Tuesday, September 9, 2014

John 3:10-21

“Nicodemus, you can’t earn your way to heaven. As a matter of fact, your receiving eternal life isn’t even something that you do.” Jesus had begun by explaining that the new birth was something that God accomplished. Like our physical birth wasn’t predicated by our own efforts, our spiritual birth was also not contingent on our own labors. Jesus went on to explain that the Spirit is the one who does the work, but that He works where He pleases and in whom He wills.
Hearing this must have been a mind blowing experience for Nicodemus. His whole life he had been striving to earn the favor of God. Perhaps, even as a teacher, he had taught his students that a man could be justified by his own righteous, pious works. Now, Jesus was telling Him that the righteousness had to come from the outside, not the inside. It wasn’t in Nicodemus that salvation could be found. God would be the only one who could save Nicodemus.
Startled and perplexed, Nicodemus asked the most humble question he had uttered to this point- “How can these things be?” Now looking to Jesus for the answer to His true dilemma, Nicodemus sought the Truth that Jesus possessed. No longer trusting in his own wisdom, or remaining in his infatuation with the miracles of Jesus, or even offering subtle attacks against the teaching of Jesus, Nicodemus now asked the simple question, “How?”
In one, straight-forward paragraph, Jesus articulated what had stumped the Jewish theologians for centuries. With remarkable concision, He unraveled the path of eternal life in front of Nicodemus. These timeless words contained so much power, that to this day they are echoed and etched in settings religious and non-religious alike. “As Moses lifted up the serpent in the wilderness, even so must the Son of Man be lifted up; that whosoever believeth in Him should not perish, but have eternal life.”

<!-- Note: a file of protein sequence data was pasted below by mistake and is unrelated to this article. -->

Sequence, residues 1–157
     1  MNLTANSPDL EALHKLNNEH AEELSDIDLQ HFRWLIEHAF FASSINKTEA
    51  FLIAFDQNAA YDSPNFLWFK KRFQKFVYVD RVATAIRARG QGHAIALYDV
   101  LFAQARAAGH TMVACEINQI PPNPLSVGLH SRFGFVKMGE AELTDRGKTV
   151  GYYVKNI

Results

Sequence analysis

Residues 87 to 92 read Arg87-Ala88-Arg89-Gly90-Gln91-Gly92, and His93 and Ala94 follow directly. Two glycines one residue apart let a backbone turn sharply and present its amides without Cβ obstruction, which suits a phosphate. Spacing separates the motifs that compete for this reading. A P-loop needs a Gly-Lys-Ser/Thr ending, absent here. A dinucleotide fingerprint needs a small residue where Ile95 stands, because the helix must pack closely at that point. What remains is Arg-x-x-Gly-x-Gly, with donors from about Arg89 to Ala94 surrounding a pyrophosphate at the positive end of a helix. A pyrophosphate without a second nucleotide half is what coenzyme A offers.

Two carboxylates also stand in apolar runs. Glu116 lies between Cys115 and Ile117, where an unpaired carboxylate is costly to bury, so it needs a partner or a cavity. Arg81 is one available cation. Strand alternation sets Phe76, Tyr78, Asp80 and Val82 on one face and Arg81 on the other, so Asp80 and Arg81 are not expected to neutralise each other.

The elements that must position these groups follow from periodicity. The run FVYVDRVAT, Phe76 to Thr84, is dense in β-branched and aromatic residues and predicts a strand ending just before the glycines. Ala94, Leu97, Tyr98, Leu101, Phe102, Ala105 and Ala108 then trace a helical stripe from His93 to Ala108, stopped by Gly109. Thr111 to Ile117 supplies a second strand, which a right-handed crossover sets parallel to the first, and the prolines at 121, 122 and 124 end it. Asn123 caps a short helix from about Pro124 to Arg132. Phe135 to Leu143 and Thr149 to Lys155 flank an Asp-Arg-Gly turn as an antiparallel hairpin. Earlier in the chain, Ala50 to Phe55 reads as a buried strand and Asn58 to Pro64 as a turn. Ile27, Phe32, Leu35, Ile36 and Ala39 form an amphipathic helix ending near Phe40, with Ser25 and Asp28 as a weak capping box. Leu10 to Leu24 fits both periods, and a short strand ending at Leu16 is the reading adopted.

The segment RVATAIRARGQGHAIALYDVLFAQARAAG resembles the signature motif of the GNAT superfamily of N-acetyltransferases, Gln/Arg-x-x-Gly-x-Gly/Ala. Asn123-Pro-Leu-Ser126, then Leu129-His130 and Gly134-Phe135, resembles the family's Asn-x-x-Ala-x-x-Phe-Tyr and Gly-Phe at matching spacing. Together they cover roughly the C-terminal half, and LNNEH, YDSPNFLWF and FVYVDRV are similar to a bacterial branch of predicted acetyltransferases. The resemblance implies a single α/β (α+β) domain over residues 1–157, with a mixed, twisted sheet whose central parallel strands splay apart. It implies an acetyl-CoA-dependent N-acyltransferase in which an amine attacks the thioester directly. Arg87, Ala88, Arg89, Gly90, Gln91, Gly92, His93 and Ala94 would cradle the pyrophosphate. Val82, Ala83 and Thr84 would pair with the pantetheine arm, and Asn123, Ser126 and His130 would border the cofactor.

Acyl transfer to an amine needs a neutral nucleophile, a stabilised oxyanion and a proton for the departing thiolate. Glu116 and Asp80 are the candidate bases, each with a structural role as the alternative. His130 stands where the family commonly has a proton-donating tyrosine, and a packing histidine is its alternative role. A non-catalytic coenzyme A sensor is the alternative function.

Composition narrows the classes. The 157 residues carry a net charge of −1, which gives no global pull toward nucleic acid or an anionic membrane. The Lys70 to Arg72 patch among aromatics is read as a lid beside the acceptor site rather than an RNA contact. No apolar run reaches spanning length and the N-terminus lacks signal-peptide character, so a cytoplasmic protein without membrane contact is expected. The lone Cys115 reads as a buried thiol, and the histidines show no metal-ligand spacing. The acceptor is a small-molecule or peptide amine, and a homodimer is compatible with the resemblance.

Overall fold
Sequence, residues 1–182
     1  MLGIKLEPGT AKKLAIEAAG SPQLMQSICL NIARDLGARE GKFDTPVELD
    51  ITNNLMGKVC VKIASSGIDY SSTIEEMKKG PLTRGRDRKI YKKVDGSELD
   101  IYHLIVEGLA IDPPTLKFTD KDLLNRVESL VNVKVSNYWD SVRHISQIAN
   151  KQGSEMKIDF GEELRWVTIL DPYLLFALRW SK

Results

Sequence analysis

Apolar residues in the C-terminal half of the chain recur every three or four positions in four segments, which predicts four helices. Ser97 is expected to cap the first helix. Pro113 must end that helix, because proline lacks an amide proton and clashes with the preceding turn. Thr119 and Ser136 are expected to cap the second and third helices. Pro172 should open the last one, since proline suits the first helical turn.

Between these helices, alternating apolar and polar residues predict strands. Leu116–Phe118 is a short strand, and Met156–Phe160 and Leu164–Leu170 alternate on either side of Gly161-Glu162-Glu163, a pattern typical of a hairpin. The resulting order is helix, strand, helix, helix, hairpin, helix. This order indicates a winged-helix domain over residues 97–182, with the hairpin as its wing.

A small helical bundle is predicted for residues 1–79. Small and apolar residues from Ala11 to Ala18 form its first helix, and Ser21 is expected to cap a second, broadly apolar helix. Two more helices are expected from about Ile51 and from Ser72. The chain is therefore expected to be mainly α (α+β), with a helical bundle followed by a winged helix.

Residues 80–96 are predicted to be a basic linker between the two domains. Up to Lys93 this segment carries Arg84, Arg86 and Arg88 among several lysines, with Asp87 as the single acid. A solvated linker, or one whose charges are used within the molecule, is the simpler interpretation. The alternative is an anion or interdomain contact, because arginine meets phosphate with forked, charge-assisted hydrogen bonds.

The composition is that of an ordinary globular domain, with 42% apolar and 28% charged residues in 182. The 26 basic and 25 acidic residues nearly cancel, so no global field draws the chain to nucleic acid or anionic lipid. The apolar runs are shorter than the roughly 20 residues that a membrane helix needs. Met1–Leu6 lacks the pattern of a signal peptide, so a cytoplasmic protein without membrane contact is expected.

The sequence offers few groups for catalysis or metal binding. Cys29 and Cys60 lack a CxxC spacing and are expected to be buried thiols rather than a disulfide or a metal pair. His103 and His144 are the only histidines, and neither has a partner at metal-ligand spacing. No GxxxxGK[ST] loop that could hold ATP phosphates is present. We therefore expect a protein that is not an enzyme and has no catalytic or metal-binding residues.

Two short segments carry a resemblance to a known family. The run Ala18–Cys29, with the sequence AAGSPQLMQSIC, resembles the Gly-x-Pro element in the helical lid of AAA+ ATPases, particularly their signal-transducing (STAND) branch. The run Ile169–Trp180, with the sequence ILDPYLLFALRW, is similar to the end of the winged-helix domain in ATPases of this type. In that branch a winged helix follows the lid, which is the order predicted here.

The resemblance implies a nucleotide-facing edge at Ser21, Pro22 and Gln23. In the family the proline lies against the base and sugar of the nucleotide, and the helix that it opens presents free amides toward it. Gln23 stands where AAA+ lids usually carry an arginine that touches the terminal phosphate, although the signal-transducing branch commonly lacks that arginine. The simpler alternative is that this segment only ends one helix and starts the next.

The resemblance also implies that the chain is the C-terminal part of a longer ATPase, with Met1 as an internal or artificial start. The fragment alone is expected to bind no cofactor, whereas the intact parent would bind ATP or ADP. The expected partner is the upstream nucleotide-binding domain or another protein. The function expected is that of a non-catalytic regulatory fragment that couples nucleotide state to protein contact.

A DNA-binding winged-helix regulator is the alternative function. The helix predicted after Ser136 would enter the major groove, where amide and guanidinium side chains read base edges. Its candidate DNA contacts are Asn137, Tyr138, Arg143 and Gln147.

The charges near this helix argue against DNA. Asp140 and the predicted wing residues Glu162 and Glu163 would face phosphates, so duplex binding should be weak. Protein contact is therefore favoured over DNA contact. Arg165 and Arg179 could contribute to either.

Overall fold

Faith is the conduit through which God has chosen to flow the current of His grace because of the sacrifice of Jesus. Jesus, “the Son of Man,” gave himself as a sacrifice for sins. Those who come to God resting in the accomplishment of Jesus alone receive the grace of God. Nicodemus would have to empty his hands of all the physical, spiritual, and religious things he thought could bring peace with God. In place of his own righteousness he would have to trust in the sinless life of Jesus, the substitutionary death of Jesus, and the resurrection of Jesus as his only hope for eternal life.
This prescription given by Jesus was not for Nicodemus alone. We all must come in faith, believing that we can do nothing to accomplish eternal life. We can only receive salvation in Christ alone, by grace alone, through faith alone. And like the wind, the Spirit moves where He pleases, and in the new birth, those born do not work for their own birth. Here we find that the work of God is accomplished in us, and can only turn in worship to glorify the God alone who saves.

Food for Thought: In your own words, explain how the Old Testament illustration that Jesus used to describe the faith that Nicodemus needed for salvation relates to how we need to come for salvation?